Namibia Economist (Windhoek)

Namibia: Essentials Services Designated

In a first for the country, government has announced a list of professions designated as essential services, in a move that will make it illegal for affected employees to go on strike.

The new Labour Minister, Doreen Sioka, announced Wednesday that following extensive consultations between representatives from the state, employers and workers, 15 professions in the medical field and six professions under local authorities have been designated as essential services.

Ambulance services, casualties services, theater services, intensive care unit services, clinical/cardiac services, laboratory services, pharmaceutical services, dental services radiography services, physiotherapy services, mortuary services, medical services including specialist services, hospital kitchen services, hospital laundry services, and nursing services have all been designated as essential services.

For services falling under the ambit of local authorities, emergency management services, disaster management services, potable water services, waste water management services, water reclamation services, and scientific services were also proclaimed as essential services.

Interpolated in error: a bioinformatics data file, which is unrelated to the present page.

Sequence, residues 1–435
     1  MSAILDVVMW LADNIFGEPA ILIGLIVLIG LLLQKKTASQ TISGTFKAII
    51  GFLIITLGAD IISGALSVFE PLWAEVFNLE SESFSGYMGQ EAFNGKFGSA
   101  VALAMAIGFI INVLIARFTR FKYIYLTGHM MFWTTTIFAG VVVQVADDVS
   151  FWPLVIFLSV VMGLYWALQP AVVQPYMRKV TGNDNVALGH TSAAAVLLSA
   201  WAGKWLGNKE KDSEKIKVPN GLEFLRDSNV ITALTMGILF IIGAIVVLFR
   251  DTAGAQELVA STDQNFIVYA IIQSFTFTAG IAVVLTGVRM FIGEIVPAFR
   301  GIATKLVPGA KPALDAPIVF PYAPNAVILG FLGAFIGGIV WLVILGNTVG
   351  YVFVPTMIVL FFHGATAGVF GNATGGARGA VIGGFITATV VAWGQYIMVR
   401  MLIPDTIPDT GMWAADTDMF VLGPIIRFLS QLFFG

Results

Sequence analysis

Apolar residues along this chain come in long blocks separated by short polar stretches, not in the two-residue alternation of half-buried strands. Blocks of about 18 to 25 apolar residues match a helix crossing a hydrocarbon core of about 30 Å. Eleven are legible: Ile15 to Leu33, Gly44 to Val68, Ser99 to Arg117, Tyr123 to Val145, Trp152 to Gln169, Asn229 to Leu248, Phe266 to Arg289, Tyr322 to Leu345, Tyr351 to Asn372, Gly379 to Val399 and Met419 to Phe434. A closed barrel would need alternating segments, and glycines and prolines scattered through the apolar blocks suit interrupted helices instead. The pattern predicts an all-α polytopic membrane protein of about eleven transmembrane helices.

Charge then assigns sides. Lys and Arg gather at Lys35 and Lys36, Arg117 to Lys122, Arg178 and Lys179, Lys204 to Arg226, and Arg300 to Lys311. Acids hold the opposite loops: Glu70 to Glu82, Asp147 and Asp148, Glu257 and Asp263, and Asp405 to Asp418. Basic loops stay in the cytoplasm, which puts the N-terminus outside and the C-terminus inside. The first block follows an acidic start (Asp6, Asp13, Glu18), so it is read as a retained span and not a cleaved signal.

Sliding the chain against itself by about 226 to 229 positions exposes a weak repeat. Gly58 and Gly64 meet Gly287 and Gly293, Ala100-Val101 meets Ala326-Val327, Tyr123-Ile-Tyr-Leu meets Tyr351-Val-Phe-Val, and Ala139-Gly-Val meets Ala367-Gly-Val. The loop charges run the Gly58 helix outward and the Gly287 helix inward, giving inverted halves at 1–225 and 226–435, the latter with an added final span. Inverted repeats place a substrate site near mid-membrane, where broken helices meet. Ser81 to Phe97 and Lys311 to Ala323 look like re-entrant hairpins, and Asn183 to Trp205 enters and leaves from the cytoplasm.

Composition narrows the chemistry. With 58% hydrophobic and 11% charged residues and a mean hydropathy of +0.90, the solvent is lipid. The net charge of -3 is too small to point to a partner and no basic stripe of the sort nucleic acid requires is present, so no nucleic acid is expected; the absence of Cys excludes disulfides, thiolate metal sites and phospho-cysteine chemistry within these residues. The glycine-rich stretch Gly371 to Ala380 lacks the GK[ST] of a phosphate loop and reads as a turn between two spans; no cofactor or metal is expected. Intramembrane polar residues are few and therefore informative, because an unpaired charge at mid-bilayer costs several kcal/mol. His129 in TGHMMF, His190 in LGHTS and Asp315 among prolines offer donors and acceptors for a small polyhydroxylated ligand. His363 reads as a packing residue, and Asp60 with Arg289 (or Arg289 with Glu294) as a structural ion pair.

According to Section 1 of the Labour Act 2007, essential service is a service which the interuption of would endanger the life, personal safety or health of the whole or any part of the population of Namibia. Section 75 of the said Act prohibits strikes and lockouts over disputes between parties engaged in essential services.

Section 77 of the Labour Act provides for the designation of essential services by the Minister of Labour and Social Services upon recommendation of the Labour Advisory Council following an investigation and report by the Essential Services Committee.

Minister Sioka said the Labour Act of 2007 guarantees the rights of employees to strike and of employers to lockout workers, provided that they do so in accordance with the procedures of the Act, adding that the law, however, recognises exceptions to the right to strike and to lockout.

She said: "Section 75 of the Labour Act prohibits strikes and lockouts over disputes betweeen parties engaged in essential services. The reason for the prohibition should be apparent: policymakers and legislators have taken into account that, despite the need to protect important labour rights, it is important that the exercise of such rights should not be permitted to jeopardize the health, life and safety of any person."

The Minister said application for designation of seesential services can be made by interested employers or employess or the committee [the Essential Service Committee] can intitate its own investigation.

More services are expected to be proclaimed as essential services in the coming months.

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